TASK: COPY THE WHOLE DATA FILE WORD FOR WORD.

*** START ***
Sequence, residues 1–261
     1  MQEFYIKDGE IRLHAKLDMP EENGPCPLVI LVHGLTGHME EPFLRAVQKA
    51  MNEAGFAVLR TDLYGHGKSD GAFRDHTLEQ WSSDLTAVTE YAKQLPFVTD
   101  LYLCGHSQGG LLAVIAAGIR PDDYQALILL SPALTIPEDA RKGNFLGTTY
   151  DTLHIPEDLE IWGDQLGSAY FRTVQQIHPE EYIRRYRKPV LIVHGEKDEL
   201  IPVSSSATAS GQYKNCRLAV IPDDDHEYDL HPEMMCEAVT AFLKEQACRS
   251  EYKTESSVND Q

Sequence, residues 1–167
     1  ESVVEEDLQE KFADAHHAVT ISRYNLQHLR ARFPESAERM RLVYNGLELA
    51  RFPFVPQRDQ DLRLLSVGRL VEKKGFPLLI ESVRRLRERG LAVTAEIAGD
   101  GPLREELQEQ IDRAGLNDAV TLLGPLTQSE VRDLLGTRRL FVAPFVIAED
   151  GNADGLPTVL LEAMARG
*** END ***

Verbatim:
Sequence, residues 1–261
     1  MQEFYIKDGE IRLHAKLDMP EENGPCPLVI LVHGLTGHME EPFLRAVQKA
    51  MNEAGFAVLR TDLYGHGKSD GAFRDHTLEQ WSSDLTAVTE YAKQLPFVTD
   101  LYLCGHSQGG LLAVIAAGIR PDDYQALILL SPALTIPEDA RKGNFLGTTY
   151  DTLHIPEDLE IWGDQLGSAY FRTVQQIHPE EYIRRYRKPV LIVHGEKDEL
   201  IPVSSSATAS GQYKNCRLAV IPDDDHEYDL HPEMMCEAVT AFLKEQACRS
   251  EYKTESSVND Q

Sequence, residues 1–167
     1  ESVVEEDLQE KFADAHHAVT ISRYNLQHLR ARFPESAERM RLVYNGLELA
    51  RFPFVPQRDQ DLRLLSVGRL VEKKGFPLLI ESVRRLRERG LAVTAEIAGD
   101  GPLREELQEQ IDRAGLNDAV TLLGPLTQSE VRDLLGTRRL FVAPFVIAED
   151  GNADGLPTVL LEAMARG